Category Archives: tools
Just last month I shared with you my vision of the perfect tool for tracking diet. Turns out, Chef Sleeve’s team has the same idea, and they are now trying to raise funds to build a smart digital food scale connected to iPad. Check out their awesome Kickstarter campaign and join me in supporting this great project. I personally just pledged $79 for a promise to receive the scale before it is available to general public (at projected price of $99). The estimated shipping date is November 2013. Watch the video pitch after the jump.
The ultimate purpose of self-tracking, in my opinion, is control. Control over health conditions, performance, mood, and other aspects of your everyday life. To paraphrase the famous adage, we measure so we could manage. We also measure things that we can’t manage (e.g., weather). Because self-discovery through self-tracking leads to knowledge, and knowledge is another form of control. Or at least, it gives us a sense of control. But how much of our everyday life we can actually control? How this lack of control affects our everyday life? To some of us, these questions may sound philosophical, but I believe the answers can be found in our own data. In February and March, I have been tracking “entropy” in my everyday life: those occasions when things go beyond my control, and happen exclusively due to some external forces. The ultimate objective was to investigate to what extent such random uncontrollable events influence different aspects of my life.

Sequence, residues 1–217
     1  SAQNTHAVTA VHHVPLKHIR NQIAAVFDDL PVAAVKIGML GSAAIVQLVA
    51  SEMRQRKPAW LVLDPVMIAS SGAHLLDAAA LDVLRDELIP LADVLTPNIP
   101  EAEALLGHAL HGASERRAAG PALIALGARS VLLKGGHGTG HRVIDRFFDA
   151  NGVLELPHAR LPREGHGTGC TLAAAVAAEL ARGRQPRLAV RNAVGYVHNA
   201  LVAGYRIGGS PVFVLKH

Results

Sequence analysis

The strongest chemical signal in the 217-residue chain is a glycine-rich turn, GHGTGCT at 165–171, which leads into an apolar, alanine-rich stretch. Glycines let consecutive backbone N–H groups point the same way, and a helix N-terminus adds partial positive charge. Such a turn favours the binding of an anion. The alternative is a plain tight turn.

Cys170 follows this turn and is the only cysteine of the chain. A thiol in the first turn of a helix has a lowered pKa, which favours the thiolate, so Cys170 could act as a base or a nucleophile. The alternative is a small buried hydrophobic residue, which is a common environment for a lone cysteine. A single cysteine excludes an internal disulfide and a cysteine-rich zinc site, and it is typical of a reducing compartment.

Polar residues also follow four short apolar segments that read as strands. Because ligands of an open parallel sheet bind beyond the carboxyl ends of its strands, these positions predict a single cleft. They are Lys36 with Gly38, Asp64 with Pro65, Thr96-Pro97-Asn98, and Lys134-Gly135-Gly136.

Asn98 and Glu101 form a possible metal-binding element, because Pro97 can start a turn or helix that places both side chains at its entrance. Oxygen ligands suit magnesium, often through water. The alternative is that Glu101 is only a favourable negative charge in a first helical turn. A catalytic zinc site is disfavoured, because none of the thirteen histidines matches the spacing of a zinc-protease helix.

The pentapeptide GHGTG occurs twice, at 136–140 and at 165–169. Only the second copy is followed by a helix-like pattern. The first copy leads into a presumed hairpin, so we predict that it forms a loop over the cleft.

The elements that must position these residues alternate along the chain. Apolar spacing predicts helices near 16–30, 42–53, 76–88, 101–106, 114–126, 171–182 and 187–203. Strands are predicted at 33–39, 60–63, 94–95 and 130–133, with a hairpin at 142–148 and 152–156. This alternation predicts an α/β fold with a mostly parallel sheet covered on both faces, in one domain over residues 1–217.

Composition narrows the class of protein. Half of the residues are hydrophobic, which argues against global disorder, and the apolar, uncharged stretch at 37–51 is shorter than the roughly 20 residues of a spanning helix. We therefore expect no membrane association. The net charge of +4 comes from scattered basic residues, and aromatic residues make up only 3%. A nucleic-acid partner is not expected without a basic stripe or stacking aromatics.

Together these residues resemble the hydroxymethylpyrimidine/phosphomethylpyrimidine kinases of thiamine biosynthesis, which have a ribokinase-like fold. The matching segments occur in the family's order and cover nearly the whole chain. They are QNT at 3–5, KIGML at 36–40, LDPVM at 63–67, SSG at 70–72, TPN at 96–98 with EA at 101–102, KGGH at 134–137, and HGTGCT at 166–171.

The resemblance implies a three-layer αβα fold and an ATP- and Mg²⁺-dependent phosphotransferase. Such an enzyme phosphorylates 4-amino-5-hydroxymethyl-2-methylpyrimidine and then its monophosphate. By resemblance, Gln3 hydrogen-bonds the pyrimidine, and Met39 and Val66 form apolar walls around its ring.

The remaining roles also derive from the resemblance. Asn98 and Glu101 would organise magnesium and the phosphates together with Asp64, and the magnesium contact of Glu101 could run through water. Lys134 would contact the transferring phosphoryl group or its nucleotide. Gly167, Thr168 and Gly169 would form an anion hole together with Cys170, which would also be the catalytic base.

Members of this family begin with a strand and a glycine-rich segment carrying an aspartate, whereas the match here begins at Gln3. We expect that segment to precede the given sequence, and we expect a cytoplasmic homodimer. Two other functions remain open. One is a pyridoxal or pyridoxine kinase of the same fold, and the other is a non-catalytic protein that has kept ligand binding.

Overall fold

I have been using RunKeeper to keep track of my walks and bike rides for a while now. In addition to distance and pace, RunKeeper offers an estimate of calories burned that is most likely derived based on my weight/age and distance information. Last month I had an idea to compare these estimates with those provided by my Bodymedia tracker, and to do that, I had to conduct an experiment, which lasted for about two weeks. The estimates provided by both trackers turned out to be very close.
Self-esteem refers to individual’s emotional evaluation of his/her own worth and personal abilities and capacities. Psychologists believe that self-esteem influences how we feel, act and relate to other people, which makes it one of the central concepts in positive psychology. In general, self-esteem considered to be a trait (a psychological construct that is relatively stable over-time, like personality characteristics), although some psychologists recognize also more short-terms expressions of self-esteem (self-esteem states). I have been tracking my self-esteem since February, and this week finally had a chance to look at the data. I was particularly interested to see its stability over time and throughout the day, and how self-esteem is related to everyday stress, mood and happiness.